Todd Oldham talks -- We interview the quirky designer and host of MTV's ''House of Style''

By Giselle Benatar
Updated February 05, 1993 at 05:00 AM EST

As TV sidekicks, glamorous supermodel Cindy Crawford and kitschy downtown designer Todd Oldham promise to be more mix than match, but that’s just the way MTV wants it. Last month, the street-smart Oldham, 31, became part of Crawford’s House of Style with ”Todd Time,” focusing on the offbeat nine times a year. Oldham’s designs have used everything from hammocks and wallpaper to secondhand art; clients include Susan Sarandon, Queen Latifah, and Vanessa Williams. Some questions for Oldham as he begins his TV career:

1. Why was your first show shot at a thrift shop? I buy all my shirts at thrift stores. This (points to his green-and-red plaid shirt) came from one. In a twisted way, thrift style is like couture, because the shops are full of one-of-a-kind items.

2. But you could certainly afford to shop anywhere. Four dollars is more my price. I still work for a living, honey.

3. Where did you get your sense of style? From my sisters, my mother — and my grandmother, who always had these big cocktail earrings on, even in a sweatshirt. And she taught me how to sew.

4. Do you remember your first sewing machine? It was from the ’30s — and it would always short out. I was constantly being electrocuted. I guess I was clearly meant to do this if I could put up with an electrocution sewing machine.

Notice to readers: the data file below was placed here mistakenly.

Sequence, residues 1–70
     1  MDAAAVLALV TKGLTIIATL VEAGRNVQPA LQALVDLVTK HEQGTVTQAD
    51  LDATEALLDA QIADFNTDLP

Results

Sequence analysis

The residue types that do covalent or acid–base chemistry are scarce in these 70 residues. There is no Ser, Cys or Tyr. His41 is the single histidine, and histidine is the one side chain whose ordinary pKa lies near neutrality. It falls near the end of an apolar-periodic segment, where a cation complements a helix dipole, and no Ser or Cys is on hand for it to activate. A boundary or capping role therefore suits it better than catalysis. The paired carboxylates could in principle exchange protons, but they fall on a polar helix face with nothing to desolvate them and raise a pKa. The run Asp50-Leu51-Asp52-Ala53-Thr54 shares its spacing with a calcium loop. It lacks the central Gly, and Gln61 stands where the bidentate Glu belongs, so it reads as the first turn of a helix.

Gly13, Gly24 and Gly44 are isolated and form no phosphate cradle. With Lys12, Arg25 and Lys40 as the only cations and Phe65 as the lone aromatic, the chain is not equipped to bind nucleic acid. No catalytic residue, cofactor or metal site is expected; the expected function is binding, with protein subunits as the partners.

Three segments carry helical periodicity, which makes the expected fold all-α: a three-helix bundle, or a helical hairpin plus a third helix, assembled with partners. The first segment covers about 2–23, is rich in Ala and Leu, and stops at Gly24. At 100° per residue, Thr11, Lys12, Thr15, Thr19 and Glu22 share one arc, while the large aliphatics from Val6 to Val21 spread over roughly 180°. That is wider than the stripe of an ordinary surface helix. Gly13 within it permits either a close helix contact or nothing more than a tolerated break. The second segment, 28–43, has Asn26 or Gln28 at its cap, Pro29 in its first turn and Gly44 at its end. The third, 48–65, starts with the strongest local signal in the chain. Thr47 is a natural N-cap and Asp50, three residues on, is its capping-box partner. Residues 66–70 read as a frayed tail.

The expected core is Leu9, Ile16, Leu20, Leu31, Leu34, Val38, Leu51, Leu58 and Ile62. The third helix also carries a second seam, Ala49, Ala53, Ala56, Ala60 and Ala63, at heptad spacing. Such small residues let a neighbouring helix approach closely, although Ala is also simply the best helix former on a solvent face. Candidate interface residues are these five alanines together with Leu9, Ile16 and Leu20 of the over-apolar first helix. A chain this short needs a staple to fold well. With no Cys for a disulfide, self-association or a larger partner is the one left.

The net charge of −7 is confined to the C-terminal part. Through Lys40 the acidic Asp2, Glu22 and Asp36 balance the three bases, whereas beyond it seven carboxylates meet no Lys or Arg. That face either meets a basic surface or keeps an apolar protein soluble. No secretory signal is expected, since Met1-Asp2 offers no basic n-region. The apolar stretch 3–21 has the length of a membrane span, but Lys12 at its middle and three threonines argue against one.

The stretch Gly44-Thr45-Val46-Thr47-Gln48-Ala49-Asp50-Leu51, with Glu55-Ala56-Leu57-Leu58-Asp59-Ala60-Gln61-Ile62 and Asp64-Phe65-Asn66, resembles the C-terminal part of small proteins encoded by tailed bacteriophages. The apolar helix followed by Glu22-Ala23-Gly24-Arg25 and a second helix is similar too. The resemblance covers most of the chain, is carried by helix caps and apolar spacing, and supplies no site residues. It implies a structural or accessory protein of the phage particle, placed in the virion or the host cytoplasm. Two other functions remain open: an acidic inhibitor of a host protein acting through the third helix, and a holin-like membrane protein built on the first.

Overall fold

5. What’s the mission of ”Todd Time”? Hey, we’re not performing brain surgery here. We’re here to entertain — and, hopefully, to thrill.

6. What will future segments bring? We’re doing style in Hollywood with Debi Mazar, a New York girl who is far more glamorous than half the overdone women in L.A. I’m also doing a makeover with Rosie O’Donnell.

7. Besides thrift chic, what looks do you like? I like the same things I liked as a kid. I look at pictures of me when I was 2 and I have the same outfit on: khaki or corduroy pants, plaid or plain shirts. I look exactly the same — just a few more wrinkles and some gray hair.

8. Has becoming a TV personality changed what you watch on TV? I don’t watch networks at all anymore; I much prefer the strangeness of public access. It’s like a 24-hour Robert Altman movie.

9. Are there any drawbacks to being on TV? Glazed eyes and helmet hair. I plan to avoid both.

10. Did Cindy have any broadcast tips for you? She just told me to make sure not to let makeup give me a prominent mole.